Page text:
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Biochemistry - Diabetes and Endocrinology - Immunology - Nephrology - Pathology


Increased Urinary Angiotensin-Converting Enzyme 2 in Renal Transplant Patients with Diabetes
Published: Tuesday, May 22, 2012
Author: Fengxia Xiao et al.

by Fengxia Xiao, Swapnil Hiremath, Greg Knoll, Joseph Zimpelmann, Kajenny Srivaratharajah, Deepak Jadhav, Dean Fergusson, Chris R. J. Kennedy, Kevin D. Burns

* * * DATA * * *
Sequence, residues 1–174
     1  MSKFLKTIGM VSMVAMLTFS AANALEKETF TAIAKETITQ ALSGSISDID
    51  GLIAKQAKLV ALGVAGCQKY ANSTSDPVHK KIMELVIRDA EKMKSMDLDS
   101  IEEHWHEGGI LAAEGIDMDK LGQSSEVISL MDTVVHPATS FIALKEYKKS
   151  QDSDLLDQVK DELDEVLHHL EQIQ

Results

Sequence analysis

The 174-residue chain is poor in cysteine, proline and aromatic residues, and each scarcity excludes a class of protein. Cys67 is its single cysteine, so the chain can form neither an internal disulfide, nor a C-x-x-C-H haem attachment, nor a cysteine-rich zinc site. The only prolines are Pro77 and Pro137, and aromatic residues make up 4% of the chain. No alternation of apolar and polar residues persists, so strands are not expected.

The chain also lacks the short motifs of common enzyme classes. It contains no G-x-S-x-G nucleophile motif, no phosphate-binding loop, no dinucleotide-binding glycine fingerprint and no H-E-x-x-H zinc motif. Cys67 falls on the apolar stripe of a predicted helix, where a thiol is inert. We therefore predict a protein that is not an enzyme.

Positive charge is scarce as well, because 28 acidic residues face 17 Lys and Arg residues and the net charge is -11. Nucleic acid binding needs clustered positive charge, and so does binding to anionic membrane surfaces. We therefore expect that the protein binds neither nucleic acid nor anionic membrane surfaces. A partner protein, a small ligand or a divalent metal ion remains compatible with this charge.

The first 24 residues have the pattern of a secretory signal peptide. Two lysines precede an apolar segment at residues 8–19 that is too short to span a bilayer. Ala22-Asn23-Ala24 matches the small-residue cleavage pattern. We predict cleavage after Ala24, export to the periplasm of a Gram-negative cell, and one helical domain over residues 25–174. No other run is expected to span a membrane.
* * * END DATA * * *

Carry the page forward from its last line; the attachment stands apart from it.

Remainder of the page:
Angiotensin-converting enzyme 2 (ACE2) is expressed in the kidney and may be a renoprotective enzyme, since it converts angiotensin (Ang) II to Ang-(1-7). ACE2 has been detected in urine from patients with chronic kidney disease. We measured urinary ACE2 activity and protein levels in renal transplant patients (age 54 yrs, 65% male, 38% diabetes, n?=?100) and healthy controls (age 45 yrs, 26% male, n?=?50), and determined factors associated with elevated urinary ACE2 in the patients. Urine from transplant subjects was also assayed for ACE mRNA and protein. No subjects were taking inhibitors of the renin-angiotensin system. Urinary ACE2 levels were significantly higher in transplant patients compared to controls (p?=?0.003 for ACE2 activity, and p=0.001 for ACE2 protein by ELISA or western analysis). Transplant patients with diabetes mellitus had significantly increased urinary ACE2 activity and protein levels compared to non-diabetics (p<0.001), while ACE2 mRNA levels did not differ. Urinary ACE activity and protein were significantly increased in diabetic transplant subjects, while ACE mRNA levels did not differ from non-diabetic subjects. After adjusting for confounding variables, diabetes was significantly associated with urinary ACE2 activity (p?=?0.003) and protein levels (p<0.001), while female gender was associated with urinary mRNA levels for both ACE2 and ACE. These data indicate that urinary ACE2 is increased in renal transplant recipients with diabetes, possibly due to increased shedding from tubular cells. Urinary ACE2 could be a marker of renal renin-angiotensin system activation in these patients.
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